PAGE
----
Over the last two decades, Google has created an impressive and extensive empire.
First and foremost dedicated to the project that started it all- designing a search engine capable of tackling and organizing an immeasurable and constantly expanding myriad of information- Google has spread into a variety of creative and interesting projects that have changed and shaped our modern world.
Some projects and Google run companies like Google Maps, Android, and Chrome are immediately profitable and fit well with the original Internet-based intent of the company.
Other projects are straight out of a science fiction novel and are far more ambitious; Google Glass and Google’s self driving cars are leading humanities’ charge into the future.
It’s hard to be a dreamer while keeping your financial feet firmly on the ground and Google has been suffering growing pains.
Investors struggled to make sense of investing in a company that should be profitable but lacked transparency. Innovators wanted to be part of the dream, but found themselves often tied up in bureaucratic style Business with a capital “B.”
Like all great empires stretched too thin, Google was having difficulty addressing issues as they came up, and pacifying problems in the many different aspects of their business model. Something had to give and there was no clear option. So, Google regrouped, reminded themselves of their origins- and then gave themselves away.
The Tech world was shocked August 10th by Larry Page’s announcement that Google had created their own parent company, named Alphabet, of which Google would be a part.
Successful empires don’t normally just birth a parent seemingly out of nowhere. It was a strange, but brilliant move to not only keep them relevant for the time being but to make it clear that we can expect them to be around for a very long time to come.
Like all great empires in history, you can spread and grow only so far- at some point you become stretched so thin that things begin to break.
According to Google’s own original company philosophy, Google’s main business is search, “It’s best to do one thing really, really well…we do search.”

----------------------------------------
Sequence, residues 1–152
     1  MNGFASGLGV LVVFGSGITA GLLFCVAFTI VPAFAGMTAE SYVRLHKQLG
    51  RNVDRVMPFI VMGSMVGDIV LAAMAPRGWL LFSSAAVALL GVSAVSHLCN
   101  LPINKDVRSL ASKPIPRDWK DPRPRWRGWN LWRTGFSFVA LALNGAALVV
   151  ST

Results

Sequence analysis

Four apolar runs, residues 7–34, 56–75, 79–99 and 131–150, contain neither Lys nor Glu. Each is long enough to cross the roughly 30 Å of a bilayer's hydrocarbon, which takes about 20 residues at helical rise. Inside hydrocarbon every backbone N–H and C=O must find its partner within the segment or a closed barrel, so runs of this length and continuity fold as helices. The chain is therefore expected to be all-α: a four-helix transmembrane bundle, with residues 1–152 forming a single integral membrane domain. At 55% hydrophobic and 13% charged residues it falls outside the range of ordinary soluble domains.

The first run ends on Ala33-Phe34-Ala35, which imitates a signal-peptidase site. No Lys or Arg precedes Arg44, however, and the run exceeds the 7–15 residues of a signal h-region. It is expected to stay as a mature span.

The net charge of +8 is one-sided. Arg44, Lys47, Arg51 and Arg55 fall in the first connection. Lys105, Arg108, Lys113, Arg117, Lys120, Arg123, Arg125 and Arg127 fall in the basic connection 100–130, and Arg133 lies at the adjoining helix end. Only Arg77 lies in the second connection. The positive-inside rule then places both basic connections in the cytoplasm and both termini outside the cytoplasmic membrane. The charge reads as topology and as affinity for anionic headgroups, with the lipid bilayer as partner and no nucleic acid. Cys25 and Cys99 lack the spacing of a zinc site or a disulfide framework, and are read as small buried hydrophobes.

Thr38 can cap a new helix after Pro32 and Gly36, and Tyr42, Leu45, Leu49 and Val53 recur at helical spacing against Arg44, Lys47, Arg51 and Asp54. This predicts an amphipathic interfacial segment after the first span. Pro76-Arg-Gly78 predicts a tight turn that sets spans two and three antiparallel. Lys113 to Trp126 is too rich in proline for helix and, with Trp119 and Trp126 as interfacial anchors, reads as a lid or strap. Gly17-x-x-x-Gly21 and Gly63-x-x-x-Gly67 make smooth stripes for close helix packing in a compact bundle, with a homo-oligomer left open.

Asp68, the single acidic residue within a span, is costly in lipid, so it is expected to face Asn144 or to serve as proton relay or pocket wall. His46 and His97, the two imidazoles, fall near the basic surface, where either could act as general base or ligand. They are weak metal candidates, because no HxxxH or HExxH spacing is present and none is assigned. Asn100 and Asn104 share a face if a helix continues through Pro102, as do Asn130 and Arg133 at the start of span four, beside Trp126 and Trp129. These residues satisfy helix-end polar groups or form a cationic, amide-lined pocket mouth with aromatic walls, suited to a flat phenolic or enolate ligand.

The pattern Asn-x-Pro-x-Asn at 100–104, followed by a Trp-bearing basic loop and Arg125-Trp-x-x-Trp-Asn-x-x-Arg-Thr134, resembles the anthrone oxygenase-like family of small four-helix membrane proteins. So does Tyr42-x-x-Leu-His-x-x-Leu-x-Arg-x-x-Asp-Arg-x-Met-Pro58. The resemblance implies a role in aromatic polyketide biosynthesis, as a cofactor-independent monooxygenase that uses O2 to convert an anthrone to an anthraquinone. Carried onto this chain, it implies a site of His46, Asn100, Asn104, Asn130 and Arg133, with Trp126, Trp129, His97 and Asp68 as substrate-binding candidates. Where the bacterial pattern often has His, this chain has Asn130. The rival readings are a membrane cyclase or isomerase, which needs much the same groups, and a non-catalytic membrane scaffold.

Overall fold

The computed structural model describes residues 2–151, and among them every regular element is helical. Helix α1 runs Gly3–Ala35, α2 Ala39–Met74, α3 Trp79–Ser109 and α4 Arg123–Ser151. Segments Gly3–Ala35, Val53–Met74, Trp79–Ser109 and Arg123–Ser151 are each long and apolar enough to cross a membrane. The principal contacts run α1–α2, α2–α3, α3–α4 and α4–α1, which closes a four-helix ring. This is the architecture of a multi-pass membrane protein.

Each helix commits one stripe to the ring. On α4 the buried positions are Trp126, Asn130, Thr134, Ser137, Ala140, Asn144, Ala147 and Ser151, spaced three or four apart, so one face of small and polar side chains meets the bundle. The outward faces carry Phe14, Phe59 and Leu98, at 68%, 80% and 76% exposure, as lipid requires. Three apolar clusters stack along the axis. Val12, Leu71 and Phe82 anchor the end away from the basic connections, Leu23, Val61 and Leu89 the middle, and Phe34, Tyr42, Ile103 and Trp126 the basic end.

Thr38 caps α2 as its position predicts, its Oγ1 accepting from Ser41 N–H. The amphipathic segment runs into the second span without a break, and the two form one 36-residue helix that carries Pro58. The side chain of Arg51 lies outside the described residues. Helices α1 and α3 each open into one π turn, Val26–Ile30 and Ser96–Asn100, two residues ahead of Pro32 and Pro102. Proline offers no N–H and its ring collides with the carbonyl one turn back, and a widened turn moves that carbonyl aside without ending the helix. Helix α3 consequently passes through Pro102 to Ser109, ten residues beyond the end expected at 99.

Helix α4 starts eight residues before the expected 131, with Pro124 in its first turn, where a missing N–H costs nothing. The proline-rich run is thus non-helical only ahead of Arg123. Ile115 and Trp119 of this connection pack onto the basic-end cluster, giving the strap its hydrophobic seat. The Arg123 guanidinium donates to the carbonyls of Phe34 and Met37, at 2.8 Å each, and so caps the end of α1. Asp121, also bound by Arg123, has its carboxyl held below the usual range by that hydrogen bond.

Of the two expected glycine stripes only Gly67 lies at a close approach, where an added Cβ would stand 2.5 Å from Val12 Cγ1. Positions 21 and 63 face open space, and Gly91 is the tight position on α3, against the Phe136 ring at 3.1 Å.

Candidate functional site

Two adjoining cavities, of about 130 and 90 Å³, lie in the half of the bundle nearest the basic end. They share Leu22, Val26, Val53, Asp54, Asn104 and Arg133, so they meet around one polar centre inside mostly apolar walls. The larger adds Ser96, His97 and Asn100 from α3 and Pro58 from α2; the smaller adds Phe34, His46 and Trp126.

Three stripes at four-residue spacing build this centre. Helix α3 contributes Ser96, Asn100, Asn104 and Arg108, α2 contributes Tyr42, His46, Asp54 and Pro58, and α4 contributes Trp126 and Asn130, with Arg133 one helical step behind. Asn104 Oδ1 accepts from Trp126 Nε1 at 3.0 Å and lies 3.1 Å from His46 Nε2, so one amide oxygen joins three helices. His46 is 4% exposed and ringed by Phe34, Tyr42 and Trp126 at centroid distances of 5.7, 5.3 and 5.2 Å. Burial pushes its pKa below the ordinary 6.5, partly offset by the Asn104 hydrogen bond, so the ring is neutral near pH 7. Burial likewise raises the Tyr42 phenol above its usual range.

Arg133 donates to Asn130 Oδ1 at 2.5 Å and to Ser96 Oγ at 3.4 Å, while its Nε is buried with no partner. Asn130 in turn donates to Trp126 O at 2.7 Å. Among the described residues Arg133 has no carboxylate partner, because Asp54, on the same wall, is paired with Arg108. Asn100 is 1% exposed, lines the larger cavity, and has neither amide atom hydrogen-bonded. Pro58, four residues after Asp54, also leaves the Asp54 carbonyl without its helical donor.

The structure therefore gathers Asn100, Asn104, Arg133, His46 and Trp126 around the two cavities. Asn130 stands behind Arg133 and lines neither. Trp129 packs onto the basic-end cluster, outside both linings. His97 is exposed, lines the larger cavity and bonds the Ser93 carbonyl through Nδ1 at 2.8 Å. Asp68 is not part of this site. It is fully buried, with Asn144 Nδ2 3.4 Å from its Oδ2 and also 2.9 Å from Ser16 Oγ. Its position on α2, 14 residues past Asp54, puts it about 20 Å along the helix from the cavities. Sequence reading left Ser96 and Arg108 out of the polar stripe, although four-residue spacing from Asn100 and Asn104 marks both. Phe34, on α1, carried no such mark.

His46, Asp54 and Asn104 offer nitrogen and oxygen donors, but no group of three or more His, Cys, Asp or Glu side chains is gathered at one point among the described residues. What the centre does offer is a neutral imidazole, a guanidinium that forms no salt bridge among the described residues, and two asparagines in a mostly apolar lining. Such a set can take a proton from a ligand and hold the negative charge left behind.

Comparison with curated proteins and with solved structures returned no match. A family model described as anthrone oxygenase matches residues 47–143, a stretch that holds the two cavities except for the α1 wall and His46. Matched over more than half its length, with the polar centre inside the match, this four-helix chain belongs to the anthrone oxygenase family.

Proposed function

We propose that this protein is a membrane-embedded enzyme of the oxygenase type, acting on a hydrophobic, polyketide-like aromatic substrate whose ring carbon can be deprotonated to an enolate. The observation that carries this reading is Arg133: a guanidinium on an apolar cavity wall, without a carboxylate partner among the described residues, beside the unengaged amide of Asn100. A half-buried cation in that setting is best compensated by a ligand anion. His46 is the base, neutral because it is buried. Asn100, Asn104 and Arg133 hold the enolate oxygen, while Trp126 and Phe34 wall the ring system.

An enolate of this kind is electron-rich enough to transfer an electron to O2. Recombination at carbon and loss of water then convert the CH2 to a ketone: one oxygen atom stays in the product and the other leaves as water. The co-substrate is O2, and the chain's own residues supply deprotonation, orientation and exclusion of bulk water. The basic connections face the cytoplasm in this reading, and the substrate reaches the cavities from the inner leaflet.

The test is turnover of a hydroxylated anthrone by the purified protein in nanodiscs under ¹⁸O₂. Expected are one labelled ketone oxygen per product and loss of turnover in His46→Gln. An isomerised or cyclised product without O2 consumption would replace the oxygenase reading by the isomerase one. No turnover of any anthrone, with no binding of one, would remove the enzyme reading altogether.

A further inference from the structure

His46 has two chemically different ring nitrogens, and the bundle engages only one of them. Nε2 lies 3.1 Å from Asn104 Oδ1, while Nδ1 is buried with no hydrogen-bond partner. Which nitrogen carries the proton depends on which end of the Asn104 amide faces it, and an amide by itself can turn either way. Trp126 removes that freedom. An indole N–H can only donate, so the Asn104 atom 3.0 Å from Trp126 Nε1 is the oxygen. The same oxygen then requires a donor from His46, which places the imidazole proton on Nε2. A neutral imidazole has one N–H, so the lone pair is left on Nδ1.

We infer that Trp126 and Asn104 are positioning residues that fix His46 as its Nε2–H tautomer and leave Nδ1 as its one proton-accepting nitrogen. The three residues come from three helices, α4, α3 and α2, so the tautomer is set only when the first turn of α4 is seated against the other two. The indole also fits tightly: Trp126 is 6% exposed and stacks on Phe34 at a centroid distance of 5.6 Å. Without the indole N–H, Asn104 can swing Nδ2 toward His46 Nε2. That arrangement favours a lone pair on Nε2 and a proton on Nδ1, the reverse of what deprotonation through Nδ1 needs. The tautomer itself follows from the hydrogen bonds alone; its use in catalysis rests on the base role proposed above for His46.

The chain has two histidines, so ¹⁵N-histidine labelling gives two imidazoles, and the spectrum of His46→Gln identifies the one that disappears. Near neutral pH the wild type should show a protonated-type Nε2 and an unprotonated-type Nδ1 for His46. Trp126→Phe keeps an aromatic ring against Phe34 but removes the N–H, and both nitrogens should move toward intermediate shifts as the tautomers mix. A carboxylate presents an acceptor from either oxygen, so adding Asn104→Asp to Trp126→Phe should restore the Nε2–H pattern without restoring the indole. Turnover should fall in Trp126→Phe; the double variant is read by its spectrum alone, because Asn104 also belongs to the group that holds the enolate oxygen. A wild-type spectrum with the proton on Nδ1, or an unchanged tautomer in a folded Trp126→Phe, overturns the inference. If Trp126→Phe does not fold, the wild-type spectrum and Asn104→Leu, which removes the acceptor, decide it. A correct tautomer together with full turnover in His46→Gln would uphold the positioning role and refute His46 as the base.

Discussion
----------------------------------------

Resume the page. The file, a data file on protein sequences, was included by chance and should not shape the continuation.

At some point with all the other amazing experiments Google was toying with, that focus was shifted and they realized (before it was too late) that they needed to refocus on their core…and found a way to do so that they wouldn’t have to abandon their more innovative, interesting projects that attract talent.
In one fell swoop, they invented an umbrella company that could appease their shareholders, impress their innovators and restructure so that they could provide the best support possible for their individual operations.
Google, under the Alphabet umbrella, will include the profitable, Internet-based interests such as Google Search, Android, Chrome, and Google Maps- this should help put investors at ease.
Other projects that are not as closely related but that generate public excitement and lure in talent will fall under the umbrella of Alphabet separately.
The hope is this will increase the individual companies’ autonomy as well as their accountability. Where empires have crumbled in the past because it was too hard to maintain control over long distances while constantly having to uphold dominance in a cut-throat world where everyone else is clambering for that top spot- Google is attempting to deflect those perils by sidestepping them entirely.
They are re-imagining their place and purpose, and with that, revolutionizing the way business can be managed.
With the birth of Alphabet, rumors of the eventual demise of Google are a moot point.
Larry Page has made it clear that the game has changed- no longer are we concerned about the rise and fall of the Empire of Google; now they are in it for the long haul.
The great civilizations of the past crumbled with time, but the contribution to language, ever-evolving with the times, carries into the future.
Through the creation of Alphabet, Google is showing us that they remember their founding philosophy and with it, the 10th principle, “Great just isn’t good enough.”
Alphabet intends to exist through eternity.